A research team at the Kavli Institute for the Physics and Mathematics of the Universe (Kavli IPMU) consisting of Visiting Scientist Chiaki Kobayashi, Project Researcher at the time Shing-Chi Leung (currently at the California Institute of Technology), and Senior Scientist Ken’ichi Nomoto have used computer simulations to follow the explosion, nuclear reaction, production of elements, and evolution of elemental abundances in galaxies. As a result, they placed stringent constraints on the origin of Type Ia supernovae.
A Type Ia supernova is a type of supernova that is not related to the death of a massive star. Instead, a Type Ia supernova is a luminous explosion of a star that occurs in a binary system, where two relatively low-mass stars are evolving together. Because of their relatively constant luminosity, Type Ia supernovae have been used as a standard “candle” to measure the expansion of the universe, a result for which the 2011 Nobel Prize in Physics was awarded. However, the progenitor star of a Type Ia supernova is unknown, and has been the topic of debate for around a half century.
“As usual for normal supernovae, Type Ia supernovae produce “metals”—or, in astronomical terms, chemical elements heavier than hydrogen and helium, the latter pair tracing their origin to the Big Bang—but Type Ia supernovae produce different elements, such as manganese (Mn), nickel (Ni), and iron (Fe). These elemental abundances can be measured in spectral features of nearby stars, which keep a “record” of supernovae from the past, like fossils do in archaeology,” Kobayashi, who is also an associate professor at the University of Hertfordshire in the United Kingdom, said. Therefore, the evolution of elemental abundances in galaxies can provide a stringent constraint on the true origin of Type Ia supernovae.
The progenitor stars of Type Ia supernovae are a type of white dwarf that are made of carbon and oxygen. White dwarfs form after the deaths of intermediate-mass stars, where electron degeneracy pressure supports the star against collapsing under its own gravity. However, if a white dwarf exceeds its upper mass limit—also called the Chandrasekhar mass limit (named after physicist Subrahmanyan Chandrasekhar)—this leads to nuclear reactions that cause it to explode.
Therefore, in a binary system containing a near-Chandrasekhar-mass white dwarf, mass accretion from a companion star can cause an explosion, which is one of the two proposed scenarios (the “single degenerate scenario”) for Type Ia supernovae. In the other scenario, two white dwarfs are formed in a binary system (the “double degenerate scenario”), which merge together to cause an explosion—namely, a sub-Chandrasekhar-mass explosion.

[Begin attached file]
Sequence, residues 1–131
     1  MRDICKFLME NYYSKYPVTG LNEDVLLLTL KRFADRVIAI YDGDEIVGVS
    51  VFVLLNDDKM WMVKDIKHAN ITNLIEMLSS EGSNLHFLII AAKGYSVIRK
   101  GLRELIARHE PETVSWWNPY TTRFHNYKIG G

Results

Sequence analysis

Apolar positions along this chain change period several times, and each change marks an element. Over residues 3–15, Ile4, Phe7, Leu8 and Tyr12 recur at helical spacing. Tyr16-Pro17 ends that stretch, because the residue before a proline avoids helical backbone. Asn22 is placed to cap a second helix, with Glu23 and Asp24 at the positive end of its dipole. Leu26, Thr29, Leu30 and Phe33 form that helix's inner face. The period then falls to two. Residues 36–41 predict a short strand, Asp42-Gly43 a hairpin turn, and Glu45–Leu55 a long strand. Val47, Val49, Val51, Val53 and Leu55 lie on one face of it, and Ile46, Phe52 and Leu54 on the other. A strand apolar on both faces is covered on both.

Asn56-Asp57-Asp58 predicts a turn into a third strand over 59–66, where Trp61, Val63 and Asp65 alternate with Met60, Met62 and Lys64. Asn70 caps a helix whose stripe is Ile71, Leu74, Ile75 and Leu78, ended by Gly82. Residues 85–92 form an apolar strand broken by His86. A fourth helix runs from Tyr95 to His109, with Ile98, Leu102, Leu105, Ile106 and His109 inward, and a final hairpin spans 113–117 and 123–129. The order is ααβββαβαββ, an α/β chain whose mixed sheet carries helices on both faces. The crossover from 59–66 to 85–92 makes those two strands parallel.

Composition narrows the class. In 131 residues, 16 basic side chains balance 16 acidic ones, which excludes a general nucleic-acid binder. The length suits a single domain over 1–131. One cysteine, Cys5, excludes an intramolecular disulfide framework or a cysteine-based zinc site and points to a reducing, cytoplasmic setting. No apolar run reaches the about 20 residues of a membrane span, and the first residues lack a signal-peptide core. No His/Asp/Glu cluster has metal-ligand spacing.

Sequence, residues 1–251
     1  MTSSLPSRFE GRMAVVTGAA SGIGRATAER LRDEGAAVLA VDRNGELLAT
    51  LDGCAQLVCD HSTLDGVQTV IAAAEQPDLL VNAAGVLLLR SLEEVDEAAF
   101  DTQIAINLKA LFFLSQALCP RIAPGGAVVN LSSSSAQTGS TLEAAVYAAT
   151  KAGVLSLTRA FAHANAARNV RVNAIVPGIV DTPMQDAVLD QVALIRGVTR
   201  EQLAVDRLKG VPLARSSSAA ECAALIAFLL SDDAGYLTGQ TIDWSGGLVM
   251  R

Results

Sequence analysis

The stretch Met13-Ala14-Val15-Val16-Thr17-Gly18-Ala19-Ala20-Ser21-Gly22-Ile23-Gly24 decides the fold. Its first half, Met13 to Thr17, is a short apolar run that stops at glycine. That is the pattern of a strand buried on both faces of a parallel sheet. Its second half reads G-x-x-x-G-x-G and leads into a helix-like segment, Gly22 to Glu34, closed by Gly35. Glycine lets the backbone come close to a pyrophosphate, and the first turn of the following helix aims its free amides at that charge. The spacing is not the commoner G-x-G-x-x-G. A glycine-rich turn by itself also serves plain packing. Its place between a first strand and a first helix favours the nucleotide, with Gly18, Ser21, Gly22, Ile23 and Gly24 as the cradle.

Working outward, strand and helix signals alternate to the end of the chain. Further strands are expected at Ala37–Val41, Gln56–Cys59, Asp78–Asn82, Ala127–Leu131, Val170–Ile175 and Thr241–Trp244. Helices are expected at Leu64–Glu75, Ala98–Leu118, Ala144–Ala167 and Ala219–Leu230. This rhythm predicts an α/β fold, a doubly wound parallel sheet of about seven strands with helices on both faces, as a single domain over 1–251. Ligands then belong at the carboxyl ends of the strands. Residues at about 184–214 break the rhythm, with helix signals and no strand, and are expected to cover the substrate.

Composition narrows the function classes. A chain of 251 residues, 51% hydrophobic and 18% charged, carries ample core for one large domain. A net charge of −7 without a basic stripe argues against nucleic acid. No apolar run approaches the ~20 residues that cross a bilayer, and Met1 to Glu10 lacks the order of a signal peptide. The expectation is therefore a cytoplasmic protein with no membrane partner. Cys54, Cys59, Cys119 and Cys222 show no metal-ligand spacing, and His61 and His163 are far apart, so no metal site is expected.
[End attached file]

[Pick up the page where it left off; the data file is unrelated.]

To investigate both cases, the research team run detailed calculations (2-dimensional hydrodynamical simulations and nucleosynthesis) of both near-Chandrasekhar-mass and sub-Chandrasekhar-mass explosions, and calculated the evolution of the Milky Way Galaxy, something that had not been done in previous research.
“Between these two cases, we find a critical difference in the evolution of elemental abundances, in particular for the element manganese,” Kobayashi explained. In the first simulation, the explosion provided high-temperature and high-density matter where a lot of manganese was produced, while in the second simulation, there was no such matter and hence not enough manganese was produced.
The research team then incorporated the production amount of each chemical element into their galaxy model to predict the evolution of elements in the Milky Way. Compared to observational data, namely, elemental abundances measured in nearby stars with high-resolution spectroscopy, they found that at least 75 percent of Type Ia supernovae are near-Chandrasekhar mass explosions. In both cases, the research found, the produced iron mass is roughly the same—that is, 60 percent of the mass of the Sun—which is about 10 times larger than in normal supernovae from massive stars.
“The chemical evolution of galaxies is powerful for solving long-standing problems in nuclear astrophysics. Not only manganese but also nickel abundances are updated in our calculations with the latest nuclear reactions. Nickel was overproduced in previous calculations, but now the predicted abundance is consistent with observations,” Kobayashi added. As a result of their findings, the nickel overproduction problem is finally solved, after two decades of studies.
More interestingly, the research team also showed that a larger contribution from sub-Chandrasekhar-mass explosions is preferred to near-Chandrasekhar-mass explosions from the available observations in different galaxies—dwarf spheroidal galaxies around the Milky Way, for example.
Kobayashi and her team noted that the elemental abundances of millions of stars will be obtained with ongoing and future international projects, such as APOGEE (Apache Point Observatory Galactic Evolution Experiment), HERMES-GALAH (GALactic Archeology with HERMES), WEAVE (WHT Enhanced Area Velocity Explorer), 4MOST (4-meter Multi-Object Spectroscopic Telescope), MSE (The Maunakea Spectroscopic Explorer), in the new research area of “Galactic Archeology,” or the study of the history of the Milky Way Galaxy, and their findings will be tested further in future research.
Chiaki Kobayashi et al. New Type Ia Supernova Yields and the Manganese and Nickel Problems in the Milky Way and Dwarf Spheroidal Galaxies, The Astrophysical Journal (2020). DOI: 10.3847/1538-4357/ab8e44
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The origin of Type Ia supernovae revealed by manganese abundances (2020, October 7)
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